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Russian parliament marks 20 years

December 12, 2013, 1:19 UTC+3 MOSCOW
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MOSCOW, December 12, (ITAR-TASS). Russia’s parliament, the Federal Assembly, has marked the 20th anniversary.

The Constitution, which was adopted at the referendum on December 12, 1993, approved a two-house structure, a status, the formation and powers of both houses of the parliament - the State Duma, the lower house, and the Federation Council, the upper house. In parallel the first State Duma elections took place on December 12, 1993.

By having analysed the path, law scholars, specialists and experts believe that the parliament established itself and became an inalienable part of the Russian state and society. Speaking at a solemn meeting on December 9, head of the Russian Constitutional Court Valery Zorkin said, “There is no Russia without the Constitution and there is no parliament without the Constitution.”

Replying to critics, who called into question lawmakers’ legitimacy after the 2011 elections, State Duma speaker Sergei Naryshkin said the dramatic events of the 20th century “resulted in irreconcilable confrontation and chaos”.

The parliament went through a serious test in the past 20 years. The principles for forming the houses of the Federation Assembly were being changed. Its competence and powers were being specified.

The parliament has adopted about 5,000 laws since 1993 and over 20,000 initiatives have been put forth. Lawmakers themselves say that Russia’s legal system is based on the Constitution.

The society changed its attitude towards the law. The society respects the Constitution as the Fundamental Law and as the national purpose. The Constitution “contains all basis elements of national purpose”. Its preamble has “a clear fundamental system of moral values of multinational people”, Federation Council speaker Valentina Matviyenko said.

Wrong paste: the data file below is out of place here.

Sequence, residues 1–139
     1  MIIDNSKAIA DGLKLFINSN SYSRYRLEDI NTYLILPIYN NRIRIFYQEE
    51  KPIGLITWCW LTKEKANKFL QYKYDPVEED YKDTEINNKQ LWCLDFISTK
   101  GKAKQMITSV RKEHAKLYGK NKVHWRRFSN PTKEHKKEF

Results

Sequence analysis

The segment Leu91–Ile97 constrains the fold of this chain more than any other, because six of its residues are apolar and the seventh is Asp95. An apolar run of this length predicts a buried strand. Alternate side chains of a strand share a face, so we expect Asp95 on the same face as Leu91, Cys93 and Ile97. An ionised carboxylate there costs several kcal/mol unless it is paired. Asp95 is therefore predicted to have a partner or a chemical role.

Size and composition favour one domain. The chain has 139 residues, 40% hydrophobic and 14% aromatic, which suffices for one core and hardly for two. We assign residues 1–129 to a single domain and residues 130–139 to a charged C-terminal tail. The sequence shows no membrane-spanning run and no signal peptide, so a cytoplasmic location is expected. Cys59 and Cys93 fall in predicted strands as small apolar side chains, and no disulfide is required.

“The Constitution itself should be interpreted as an idea - the national purpose, which unites everyone, who wants and is ready to achieve a success for our country,” Naryshkin said.

The society’s attitude towards the parliament is rather important. In December 2006 33 percent of respondents positively interpret the activity of senators while 40 percent of respondents consider it negative. As for lawmakers, the ratio is more modest - 29 percent of respondents positively interpret deputies’ activities while 57 percent consider them negative. Seven years later experts say 34 percent of respondents approve the activity of the Federation Council and 35 percent approve the work of the State Duma while 37 percent and 48 percent of respondents come against respectively.

It is not incidental that the authority of the parliament is one of the priorities. The Day of Russian Parliamentarism is marked this year. “It is designed to become a nationwide holiday,” Matviyenko said.

“This is a good motive to think what path we went through and what should be done to increase the influence of our parliament and its impact on the development of country,” the Federation Council speaker said.

Naryshkin has put forth an initiative to approve a separate law on the Federal Assembly, which “will be a key step towards regulating the work of the parliament related to a reasonable balance of separation of power”.

Both houses of the parliament use high tech. The upper house has launched a new website with special versions - mobile and a visually versions. Users can express their point of view and provide feedback. The State Duma is carrying out a “E-parliament” project: the lower house is planning to put a portal, which is designed to unite a kind of social network of federal, regional and municipal parliamentarians.

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